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Vibrant Environment

30x30: What This Ambitious and Visionary Goal Could Mean for Our Ocean

Fish in coral reef
By Erin Eastwood, Program Director, National Ocean Protection Coalition
Wednesday, February 10, 2021

On January 27, President Biden took historic action to protect 30% of U.S. lands and waters by 2030, launching the most ambitious conservation plan in history. Known as “30x30”, the goal aims to provide an inclusive and bold vision for safeguarding America’s ocean, air, water, food, and communities. There are many ways the Administration could set out to achieve this goal in our ocean.

Sediment Diversions: Big Projects Confront Land Loss in the Mississippi River Delta

By Dominic Scicchitano, Research Associate, and Jarryd Page, Public Interest Law Fellow
Thursday, January 14, 2021

The Mississippi River Delta and Louisiana coastline are disappearing. Since the late 1920s, efforts to control the Mississippi through levees and dams have impeded its natural ability to deposit sediment downstream, contributing to large-scale land loss. It’s estimated that Louisiana’s coastal parishes lost roughly two thousand square miles of land between 1932 and 2016. As rising seas driven by climate change threaten to further consume the Gulf coast, there is an imperative to address the growing problem of shrinking landmass. Confronting this threat with a sense of urgency will allow for preservation of Louisiana’s communities, economies, and cultural resources into the future.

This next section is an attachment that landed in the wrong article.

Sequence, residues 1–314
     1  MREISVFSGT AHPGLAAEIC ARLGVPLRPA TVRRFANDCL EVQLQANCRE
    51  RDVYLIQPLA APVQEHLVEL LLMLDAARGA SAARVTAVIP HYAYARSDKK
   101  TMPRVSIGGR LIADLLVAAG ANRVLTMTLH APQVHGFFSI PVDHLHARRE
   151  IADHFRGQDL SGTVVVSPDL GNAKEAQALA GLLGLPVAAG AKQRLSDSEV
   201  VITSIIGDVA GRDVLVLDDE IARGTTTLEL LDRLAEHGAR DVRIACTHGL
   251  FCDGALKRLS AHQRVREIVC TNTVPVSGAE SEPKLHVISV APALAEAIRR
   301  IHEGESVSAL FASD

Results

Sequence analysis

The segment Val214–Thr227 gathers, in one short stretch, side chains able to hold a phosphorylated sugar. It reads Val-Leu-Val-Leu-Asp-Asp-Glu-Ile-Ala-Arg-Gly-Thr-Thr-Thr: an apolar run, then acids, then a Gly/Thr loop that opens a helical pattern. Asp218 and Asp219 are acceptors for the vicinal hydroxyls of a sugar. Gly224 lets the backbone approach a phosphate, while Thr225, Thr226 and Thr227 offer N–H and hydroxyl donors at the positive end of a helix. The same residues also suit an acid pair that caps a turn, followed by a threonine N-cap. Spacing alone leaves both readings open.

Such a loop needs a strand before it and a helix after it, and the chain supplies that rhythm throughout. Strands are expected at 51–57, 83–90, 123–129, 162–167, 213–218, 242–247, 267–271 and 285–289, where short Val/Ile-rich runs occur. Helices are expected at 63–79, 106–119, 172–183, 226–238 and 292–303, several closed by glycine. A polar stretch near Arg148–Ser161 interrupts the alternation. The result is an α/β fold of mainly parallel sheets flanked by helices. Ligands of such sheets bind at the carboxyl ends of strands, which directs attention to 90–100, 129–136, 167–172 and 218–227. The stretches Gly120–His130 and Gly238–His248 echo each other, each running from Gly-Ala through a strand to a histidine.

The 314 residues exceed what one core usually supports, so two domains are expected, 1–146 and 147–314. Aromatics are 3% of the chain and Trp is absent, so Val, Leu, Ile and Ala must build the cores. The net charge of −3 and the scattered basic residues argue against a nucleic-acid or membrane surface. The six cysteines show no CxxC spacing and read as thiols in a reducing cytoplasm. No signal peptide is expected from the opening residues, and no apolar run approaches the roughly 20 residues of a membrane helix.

A Deeper Dive Into Protections for Deep-Sea Mining

jellyfish
By Kristine Perry, Staff Attorney
Monday, November 9, 2020

For the past few decades, it has seemed as if deep-sea mining was going to happen any minute. Or any year. The world is much closer to deep-sea mining than it was before, but that doesn’t mean countries, companies, or technology are any more ready to take on the challenge and unexpected impacts of this largely unknown area.

Still Much We Do Not Know: Climate Uncertainty and Adaptive Management in the Gulf of Mexico

hurricane
By Dominic Scicchitano, Research Associate
Wednesday, September 30, 2020

The National Oceanic and Atmospheric Administration (NOAA) reported in August that this year’s Gulf of Mexico dead zone was unexpectedly small—in fact, the third-smallest ever measure in the 34-year record. Interestingly, this comes just two months after NOAA had forecasted a larger-than-average dead zone in early June. The cause of this shift appears to be Hurricane Hanna, whose large, powerful waves agitated the water column, disrupting algal accumulation in the Gulf.

Forests of the Tide: Mangrove Trees, Blue Carbon Sequestration, and the Need for Mangrove Policy and Protection in Indonesia

By Lauren Gode, Research and Publications Intern
Thursday, August 27, 2020